What are bracings in steel halls and what is their purpose?

Bracing in steel halls is a very important design element. These are typically lightweight components that perform a number of important tasks. The primary role of steel bracing is to ensure the stability of the hall as a whole. This is because typical steel halls are designed as connected to the foundations in an articulated manner. This means that there is a structural stiffness deficiency in the direction perpendicular to the plane of the main frame. It is the bracing system that is responsible for supporting the hall structure in the longitudinal direction. It should be emphasised here that the bracing system is not only the most common, “X” type bracing that is found on the roof. It is a combination of more than a dozen elements that together perform the stiffening role. Read the next paragraph for details on individual types of bracing. Back to the role of bracing, note that its is responsible for taking the forces of wind blowing on the gable wall and then bringing them down to the foundation. This is a particularly important role where industrial halls are of considerable height. Then the wind pushing on the gable wall is significant. Steel hall bracing, when properly located and designed, can significantly reduce the weight of the entire hall structure. This is because they improve the “working” conditions of the hall’s columns, rafters and roof purlins. An experienced designer can minimise the weight of an industrial building through the appropriate use of a bracing system. Roof bracing for steel halls can reduce structural imperfections in the roof rafter. With significant impacts transmitted to the roof rafter, it tends to lose its alignment. In this situation, the roof bracing supports the girder eliminating this effect. In addition, a correctly designed bracing system strongly reduces the tilt of the main columns of the steel hall. So what are the principles for designing industrial hall bracing? It is a good practice to locate the transverse slope brace (i.e. the roof bracing) in the penultimate fields of the hall.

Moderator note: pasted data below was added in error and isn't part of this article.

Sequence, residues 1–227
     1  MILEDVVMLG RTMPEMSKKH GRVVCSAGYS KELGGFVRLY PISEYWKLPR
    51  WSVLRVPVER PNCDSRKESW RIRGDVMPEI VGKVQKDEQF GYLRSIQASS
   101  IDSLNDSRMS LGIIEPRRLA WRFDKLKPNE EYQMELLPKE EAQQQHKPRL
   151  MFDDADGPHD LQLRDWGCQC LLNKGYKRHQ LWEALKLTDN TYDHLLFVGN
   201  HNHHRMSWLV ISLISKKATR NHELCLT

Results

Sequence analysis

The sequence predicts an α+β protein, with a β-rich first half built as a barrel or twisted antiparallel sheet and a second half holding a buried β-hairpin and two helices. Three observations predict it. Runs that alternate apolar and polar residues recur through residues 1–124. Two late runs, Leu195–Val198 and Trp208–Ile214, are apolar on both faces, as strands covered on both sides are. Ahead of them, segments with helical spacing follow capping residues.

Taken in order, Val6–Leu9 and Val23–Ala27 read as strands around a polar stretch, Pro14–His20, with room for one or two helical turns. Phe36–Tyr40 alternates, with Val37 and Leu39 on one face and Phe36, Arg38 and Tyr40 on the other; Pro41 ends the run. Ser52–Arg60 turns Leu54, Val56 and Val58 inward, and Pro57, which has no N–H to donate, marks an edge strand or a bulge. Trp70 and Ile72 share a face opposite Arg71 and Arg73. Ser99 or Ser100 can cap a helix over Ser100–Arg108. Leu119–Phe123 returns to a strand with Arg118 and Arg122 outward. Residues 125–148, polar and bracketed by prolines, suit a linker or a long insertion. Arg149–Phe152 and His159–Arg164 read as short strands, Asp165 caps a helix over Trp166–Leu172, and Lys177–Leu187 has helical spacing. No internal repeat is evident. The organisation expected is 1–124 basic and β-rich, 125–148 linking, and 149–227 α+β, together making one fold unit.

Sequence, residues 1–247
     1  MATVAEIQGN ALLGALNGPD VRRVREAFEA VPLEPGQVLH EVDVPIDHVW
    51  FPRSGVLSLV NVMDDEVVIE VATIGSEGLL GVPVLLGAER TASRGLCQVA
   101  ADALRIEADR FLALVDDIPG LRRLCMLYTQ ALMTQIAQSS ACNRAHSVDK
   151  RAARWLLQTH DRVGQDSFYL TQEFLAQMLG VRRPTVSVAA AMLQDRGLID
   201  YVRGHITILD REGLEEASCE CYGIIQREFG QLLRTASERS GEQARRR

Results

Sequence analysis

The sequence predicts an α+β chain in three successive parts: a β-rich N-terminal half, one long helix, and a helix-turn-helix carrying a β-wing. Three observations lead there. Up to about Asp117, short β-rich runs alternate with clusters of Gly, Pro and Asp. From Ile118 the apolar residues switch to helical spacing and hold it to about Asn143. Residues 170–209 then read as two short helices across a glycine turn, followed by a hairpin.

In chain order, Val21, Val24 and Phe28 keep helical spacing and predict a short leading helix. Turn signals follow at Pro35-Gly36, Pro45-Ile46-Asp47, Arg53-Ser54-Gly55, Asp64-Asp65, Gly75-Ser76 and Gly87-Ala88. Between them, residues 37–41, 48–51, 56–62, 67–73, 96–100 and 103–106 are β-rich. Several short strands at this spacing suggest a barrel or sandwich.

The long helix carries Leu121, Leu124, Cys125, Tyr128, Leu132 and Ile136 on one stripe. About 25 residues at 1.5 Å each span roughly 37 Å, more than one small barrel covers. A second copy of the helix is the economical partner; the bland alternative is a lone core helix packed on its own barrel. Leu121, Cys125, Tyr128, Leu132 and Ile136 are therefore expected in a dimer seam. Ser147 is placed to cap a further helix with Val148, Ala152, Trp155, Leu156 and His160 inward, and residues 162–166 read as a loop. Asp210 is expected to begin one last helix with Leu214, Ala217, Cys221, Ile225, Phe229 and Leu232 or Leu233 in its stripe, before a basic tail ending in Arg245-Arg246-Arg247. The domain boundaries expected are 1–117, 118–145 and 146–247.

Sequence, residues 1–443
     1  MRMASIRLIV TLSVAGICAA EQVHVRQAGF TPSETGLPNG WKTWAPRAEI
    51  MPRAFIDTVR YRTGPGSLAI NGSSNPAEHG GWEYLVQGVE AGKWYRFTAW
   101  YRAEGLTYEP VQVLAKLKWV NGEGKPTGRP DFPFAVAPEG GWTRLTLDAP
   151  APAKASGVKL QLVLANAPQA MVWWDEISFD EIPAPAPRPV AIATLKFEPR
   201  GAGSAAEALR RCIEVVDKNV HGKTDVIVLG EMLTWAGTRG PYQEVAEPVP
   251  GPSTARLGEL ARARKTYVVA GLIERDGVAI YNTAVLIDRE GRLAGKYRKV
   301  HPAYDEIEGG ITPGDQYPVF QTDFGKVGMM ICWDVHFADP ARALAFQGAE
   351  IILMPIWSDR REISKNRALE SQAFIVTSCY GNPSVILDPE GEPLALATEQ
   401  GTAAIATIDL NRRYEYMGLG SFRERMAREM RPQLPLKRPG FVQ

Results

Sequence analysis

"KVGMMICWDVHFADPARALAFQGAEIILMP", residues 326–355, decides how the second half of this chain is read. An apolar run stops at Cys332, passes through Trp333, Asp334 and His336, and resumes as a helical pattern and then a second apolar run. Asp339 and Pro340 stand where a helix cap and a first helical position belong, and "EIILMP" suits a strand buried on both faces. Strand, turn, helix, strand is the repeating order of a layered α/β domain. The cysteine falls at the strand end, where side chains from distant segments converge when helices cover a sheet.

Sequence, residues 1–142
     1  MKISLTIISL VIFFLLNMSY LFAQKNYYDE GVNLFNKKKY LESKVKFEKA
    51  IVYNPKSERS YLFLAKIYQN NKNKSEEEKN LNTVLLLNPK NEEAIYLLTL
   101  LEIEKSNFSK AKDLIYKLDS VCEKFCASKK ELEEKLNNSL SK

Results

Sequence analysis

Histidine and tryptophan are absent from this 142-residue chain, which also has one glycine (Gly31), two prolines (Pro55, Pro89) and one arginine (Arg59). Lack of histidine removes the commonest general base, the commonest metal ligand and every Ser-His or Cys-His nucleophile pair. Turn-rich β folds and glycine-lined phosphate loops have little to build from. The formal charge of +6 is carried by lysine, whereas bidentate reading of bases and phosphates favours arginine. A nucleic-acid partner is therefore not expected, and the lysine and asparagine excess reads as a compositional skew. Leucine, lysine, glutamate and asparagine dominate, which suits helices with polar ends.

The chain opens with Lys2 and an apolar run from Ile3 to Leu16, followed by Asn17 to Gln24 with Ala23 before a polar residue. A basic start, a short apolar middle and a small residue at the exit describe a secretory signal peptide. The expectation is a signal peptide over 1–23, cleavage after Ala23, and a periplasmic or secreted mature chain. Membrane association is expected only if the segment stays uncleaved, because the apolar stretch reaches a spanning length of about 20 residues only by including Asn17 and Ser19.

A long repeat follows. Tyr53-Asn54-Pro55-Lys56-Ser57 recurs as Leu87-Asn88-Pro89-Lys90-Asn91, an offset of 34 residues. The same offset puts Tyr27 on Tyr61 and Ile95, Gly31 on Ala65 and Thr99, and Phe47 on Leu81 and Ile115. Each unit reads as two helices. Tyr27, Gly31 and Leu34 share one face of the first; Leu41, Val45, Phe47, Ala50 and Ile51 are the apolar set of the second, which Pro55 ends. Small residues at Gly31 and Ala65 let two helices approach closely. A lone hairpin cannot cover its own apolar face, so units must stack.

There are several reasons for this arrangement:

  1. In the case of hall extensions, it does not interfere with the bracing system, which is not connected to the last frame
  2. The gable wall, additionally supported by columns, has a smaller rafter than the internal frames.

So what profiles are used for the bracing bars? In a typical industrial hall with no overhead cranes, round bars, solid D16-D25, are used. These are flaccid bars that can only transmit tensile forces. Where transport in the hall is done by cranes, the bracing should be made of round, square or rectangular tubes. This is because an overhead crane, while moving, generates both tensile and compressive forces which change multiple times. Round bars would quickly elongate and require frequent tensioning.

Bracing in the pre-extreme areas facilitates the prefabrication of these elements due to the consistency of the internal rafter profiles.

Of course, two bracing fields will not do the job in every case. Industrial facilities with lengths in excess of 70-80 m will require an additional internal bracing field.

The most common bracing found in steel halls

In a typical steel hall, several types of bracing can be distinguished. Each plays an important role in conveying the impact of an industrial facility:

  • the transverse slope braces are ‘X’ shaped bars that are located on the roof of the hall. It stabilises the hall in longitudinal direction.
  • the vertical wall brace is also a circular bar positioned in the hall walls in the same fields as the transverse slope braces. Like the above braces, it stabilises the hall relative to its longer dimension.
  • the vertical roof (ridge) brace is the element that laterally stabilises the truss support system of the structure. It is placed near the ridge along the entire hall. Used in long-span halls where the roof structure consists of truss girders.
  • the eaves braces are bars in an ‘X’ pattern that are located along the eaves of the hall. It is an element used particularly for tall halls that carry significant loads from wind blowing on the long side of the structure.
  • gable wall braces are ‘X’ bars located between the gable wall columns. They are responsible for the rigidity of the entire gable wall
  • the torsion bar of the roof transom is the so-called “stay” that supports the bottom flange of the transom

It should be noted that the roof purlins, although not referred to as bracing, also play an important role in stiffening the hall structure. Together, all of these types of bracing form the bracing system of the steel hall. The role of the designer is to position, define the shape, dimensions and, of course, the cross-sections of the bars used for bracing appropriately.